HONOLULU, Hawaii (HawaiiNewsNow) - Community activists paid Gov. David Ige a surprise visit at the State Capitol on Wednesday, urging him not veto a bill that would tax some of Hawaii’s largest landowners.
The bill, passed by the state legislature earlier this year, would impose the state’s 6.2-percent corporate income tax on real estate investment trusts, holdings that are more commonly known as REITs.
Real estate investment trusts own some of Hawaii’s largest shopping centers, hotels and office buildings, including Ala Moana Center and the International Market Place.
“The veto makes no sense, and the whole community is behind fairly taxing these corporations so the money they make here stays here," said Father David Gierlach, who works at St. Elizabeth’s Episcopal Church and is a member of Faith Action for Community Equity (FACE). “We cannot continue to support deadbeat dads and that’s what these corporations are.”
Under existing tax codes, REITs aren’t taxed in Hawaii because the profits go to shareholders who are paying income taxes in the states where they live.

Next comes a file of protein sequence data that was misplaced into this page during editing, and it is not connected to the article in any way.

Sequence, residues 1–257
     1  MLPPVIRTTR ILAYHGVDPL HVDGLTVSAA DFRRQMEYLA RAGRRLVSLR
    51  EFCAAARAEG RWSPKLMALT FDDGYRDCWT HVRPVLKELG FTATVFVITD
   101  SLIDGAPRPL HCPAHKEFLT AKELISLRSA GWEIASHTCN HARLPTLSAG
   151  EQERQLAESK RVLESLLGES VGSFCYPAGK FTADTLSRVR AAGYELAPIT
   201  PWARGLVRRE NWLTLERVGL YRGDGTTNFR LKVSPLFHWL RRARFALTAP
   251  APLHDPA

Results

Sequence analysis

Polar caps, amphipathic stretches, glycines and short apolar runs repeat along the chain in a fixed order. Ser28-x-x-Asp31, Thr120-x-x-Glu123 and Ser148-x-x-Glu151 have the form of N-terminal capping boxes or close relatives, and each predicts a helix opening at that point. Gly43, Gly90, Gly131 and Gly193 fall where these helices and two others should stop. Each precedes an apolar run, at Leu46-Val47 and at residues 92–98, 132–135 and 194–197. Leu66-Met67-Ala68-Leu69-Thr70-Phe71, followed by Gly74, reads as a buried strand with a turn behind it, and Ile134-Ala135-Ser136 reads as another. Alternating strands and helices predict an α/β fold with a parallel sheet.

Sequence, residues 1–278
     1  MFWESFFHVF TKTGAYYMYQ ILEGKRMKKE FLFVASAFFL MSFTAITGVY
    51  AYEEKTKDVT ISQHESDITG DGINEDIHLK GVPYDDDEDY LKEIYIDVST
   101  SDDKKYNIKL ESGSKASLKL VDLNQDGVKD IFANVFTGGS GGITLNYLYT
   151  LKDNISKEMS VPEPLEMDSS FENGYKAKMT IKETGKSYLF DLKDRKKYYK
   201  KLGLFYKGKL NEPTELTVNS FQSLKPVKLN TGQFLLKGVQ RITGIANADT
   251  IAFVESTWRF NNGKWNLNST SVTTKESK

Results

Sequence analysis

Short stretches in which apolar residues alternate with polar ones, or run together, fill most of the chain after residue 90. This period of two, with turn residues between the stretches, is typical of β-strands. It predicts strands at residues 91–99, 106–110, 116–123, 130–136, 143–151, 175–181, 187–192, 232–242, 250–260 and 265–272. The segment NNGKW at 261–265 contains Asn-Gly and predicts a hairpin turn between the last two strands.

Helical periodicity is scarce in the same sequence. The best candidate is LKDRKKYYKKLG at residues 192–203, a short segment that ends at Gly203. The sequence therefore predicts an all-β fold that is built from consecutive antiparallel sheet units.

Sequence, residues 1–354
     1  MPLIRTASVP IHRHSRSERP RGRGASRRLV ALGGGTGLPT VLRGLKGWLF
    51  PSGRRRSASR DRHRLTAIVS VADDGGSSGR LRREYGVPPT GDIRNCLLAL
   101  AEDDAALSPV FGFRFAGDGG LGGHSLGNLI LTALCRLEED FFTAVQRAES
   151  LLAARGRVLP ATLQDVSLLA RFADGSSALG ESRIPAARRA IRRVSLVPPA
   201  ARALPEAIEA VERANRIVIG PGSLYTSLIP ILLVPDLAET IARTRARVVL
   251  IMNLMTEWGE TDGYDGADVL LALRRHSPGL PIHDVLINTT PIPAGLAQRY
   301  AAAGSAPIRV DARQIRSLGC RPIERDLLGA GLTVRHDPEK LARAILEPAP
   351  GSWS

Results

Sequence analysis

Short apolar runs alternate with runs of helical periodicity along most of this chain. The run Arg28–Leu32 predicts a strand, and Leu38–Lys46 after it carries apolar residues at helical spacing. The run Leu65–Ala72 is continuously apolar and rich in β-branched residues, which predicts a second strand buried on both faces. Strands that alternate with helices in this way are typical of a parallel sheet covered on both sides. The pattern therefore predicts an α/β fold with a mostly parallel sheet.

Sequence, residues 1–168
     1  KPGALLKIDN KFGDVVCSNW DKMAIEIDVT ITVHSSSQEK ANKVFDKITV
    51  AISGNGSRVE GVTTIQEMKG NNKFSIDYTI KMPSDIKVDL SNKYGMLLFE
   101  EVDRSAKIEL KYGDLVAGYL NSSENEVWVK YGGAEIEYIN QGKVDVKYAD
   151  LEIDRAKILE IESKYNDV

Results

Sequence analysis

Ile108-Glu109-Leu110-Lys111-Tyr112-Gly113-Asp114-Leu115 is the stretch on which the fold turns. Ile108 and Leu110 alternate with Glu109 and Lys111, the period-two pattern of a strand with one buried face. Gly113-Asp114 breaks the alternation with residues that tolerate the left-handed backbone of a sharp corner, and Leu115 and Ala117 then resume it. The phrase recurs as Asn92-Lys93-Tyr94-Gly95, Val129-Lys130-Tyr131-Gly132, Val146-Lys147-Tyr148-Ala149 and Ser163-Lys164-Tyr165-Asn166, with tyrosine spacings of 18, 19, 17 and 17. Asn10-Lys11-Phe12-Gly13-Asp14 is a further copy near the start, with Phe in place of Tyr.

Advocates such as FACE estimate the new corporate income tax on such trusts would generate about $50 million a year ― money they say could go toward funding affordable housing and educational programs.
But other estimates from the state tax director are much lower -- from two to 10 million, depending on what other deductions the REITs find to reduce their tax liability.
But Gov. David Ige said last week that he would likely veto the bill because it could discourage future investment in Hawaii.
“I know it will scare away investors,” said real estate expert Ricky Cassiday.
Cassiday says only one state in the country, New Hampshire, taxes REITs.
“You gotta be careful of hurting them, especially because the tax consequence is not a big boost," he said.
The governor has until Tuesday to either veto the bill or let it become law without his signature.